The proposed Long Creek wind energy project being developed by TradeWind Energy of Lenexa, KS, has been canceled, according to Mark Hannifin, vice president, Development & New Initiatives with TradeWinds Energy.
In a letter sent in March to area farm owners who had leases, Hannifin informed the leaseholders that they were being released.
“Over the past two to three years we have installed meteorological towers, conducted desktop and field level environmental work, performed engineering studies on the local/regional transmission system, and marketed the project to local/regional electric utilities, Hennifan wrote.
“During the Development process it has become evident that the wind resource at the Long Creek site is not robust enough for the project to be competitive with other projects in the region in the near- to mid-term, he stated. Wind project development requires an ongoing assessment of risks and costs of project measured against the potential for success and in ultimately finding a utility purchaser for a project. In light of the wind resource at the Long Creek site, TradeWind has regrettably made the decision to cease development of the project, he stated.
In an interview with The Kalona News, Hennifan did not rule out the possibility that TradeWind might revisit its decision in the long term if the economy improves, regulatory issues in Missouri and Illinois improve and federal tax credits (FTC’s) are more certain. Currently the FTC’s are slated to expire on December 31, 2012. He said wind energy will continue without the FTC’s support, but they would be extremely helpful in further development.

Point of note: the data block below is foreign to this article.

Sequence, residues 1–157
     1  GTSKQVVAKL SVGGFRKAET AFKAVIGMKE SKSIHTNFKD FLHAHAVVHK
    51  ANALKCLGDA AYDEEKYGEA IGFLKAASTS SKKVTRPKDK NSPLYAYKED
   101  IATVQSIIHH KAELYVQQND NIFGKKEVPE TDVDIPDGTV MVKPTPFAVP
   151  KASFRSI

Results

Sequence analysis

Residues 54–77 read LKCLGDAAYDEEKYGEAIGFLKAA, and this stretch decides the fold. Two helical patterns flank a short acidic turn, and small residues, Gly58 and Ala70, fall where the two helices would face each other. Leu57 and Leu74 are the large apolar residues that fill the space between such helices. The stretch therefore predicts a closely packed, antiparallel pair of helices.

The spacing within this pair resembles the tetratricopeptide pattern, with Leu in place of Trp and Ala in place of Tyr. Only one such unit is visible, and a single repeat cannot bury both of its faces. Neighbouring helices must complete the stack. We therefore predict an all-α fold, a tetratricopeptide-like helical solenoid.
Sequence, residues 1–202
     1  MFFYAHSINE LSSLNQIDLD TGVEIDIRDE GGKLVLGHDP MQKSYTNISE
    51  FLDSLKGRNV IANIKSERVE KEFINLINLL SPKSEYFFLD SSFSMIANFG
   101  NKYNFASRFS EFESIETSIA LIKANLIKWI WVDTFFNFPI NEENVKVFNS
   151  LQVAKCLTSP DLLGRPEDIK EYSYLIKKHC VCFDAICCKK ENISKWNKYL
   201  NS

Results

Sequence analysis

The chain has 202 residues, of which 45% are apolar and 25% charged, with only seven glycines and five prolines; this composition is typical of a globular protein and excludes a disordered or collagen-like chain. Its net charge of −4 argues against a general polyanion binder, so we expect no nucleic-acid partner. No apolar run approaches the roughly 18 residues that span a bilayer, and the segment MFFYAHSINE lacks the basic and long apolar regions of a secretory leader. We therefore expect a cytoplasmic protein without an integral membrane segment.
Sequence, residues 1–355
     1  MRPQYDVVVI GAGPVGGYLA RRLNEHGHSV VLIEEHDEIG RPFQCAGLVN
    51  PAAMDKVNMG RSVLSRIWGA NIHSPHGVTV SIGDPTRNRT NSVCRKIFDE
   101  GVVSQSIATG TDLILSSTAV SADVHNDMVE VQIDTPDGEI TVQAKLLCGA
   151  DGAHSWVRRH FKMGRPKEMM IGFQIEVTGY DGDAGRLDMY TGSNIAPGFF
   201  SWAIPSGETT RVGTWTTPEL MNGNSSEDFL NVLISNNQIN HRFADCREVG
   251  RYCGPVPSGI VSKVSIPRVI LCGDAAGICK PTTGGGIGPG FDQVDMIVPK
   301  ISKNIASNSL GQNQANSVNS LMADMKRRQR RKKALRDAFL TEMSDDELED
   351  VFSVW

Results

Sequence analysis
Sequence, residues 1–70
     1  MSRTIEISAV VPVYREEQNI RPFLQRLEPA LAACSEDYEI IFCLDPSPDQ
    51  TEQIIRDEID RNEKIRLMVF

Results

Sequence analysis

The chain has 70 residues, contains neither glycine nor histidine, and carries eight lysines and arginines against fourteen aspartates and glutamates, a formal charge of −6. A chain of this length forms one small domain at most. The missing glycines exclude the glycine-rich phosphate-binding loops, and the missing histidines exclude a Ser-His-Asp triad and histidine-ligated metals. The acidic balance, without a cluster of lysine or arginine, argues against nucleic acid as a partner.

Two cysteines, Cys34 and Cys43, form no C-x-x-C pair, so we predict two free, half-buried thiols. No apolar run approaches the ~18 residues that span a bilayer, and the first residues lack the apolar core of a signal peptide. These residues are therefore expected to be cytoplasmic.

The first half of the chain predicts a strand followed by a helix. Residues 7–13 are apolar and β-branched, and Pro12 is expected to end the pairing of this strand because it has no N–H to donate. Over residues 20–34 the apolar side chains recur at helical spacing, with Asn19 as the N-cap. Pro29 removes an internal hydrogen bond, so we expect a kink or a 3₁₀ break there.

Hennifan noted that Missouri residents had approved a referendum demanding greater use of wind energy, but the legislature is in process of over-riding that issue. He noted his firm is involved in developing some 30 wind energy projects in Iowa, Kansas and Oklahoma and the Washington County project was the most risky due to the downturn in the economy making this a soft market.
Hennifan said TradeWind Energy will precede with the Poweshiek County as it a more robust project. He said TradeWind was not interested in selling their lease holdings as they had developed a friendly relationship with the some 200 landowners. He said they didn’t want to hand them off to another firm in case they would revisit the Washington County project when the economy, regulatory issues and tax credits improve.
He noted the ingredients for a wind energy project are in Washington County except winds are weakest in southeast Iowa (and strongest in northwest Iowa). He noted there are available transmissions lines are nearby. The economy and the market for wind energy need to improve as well as the FTC’s need to be extended for a longer period of time.
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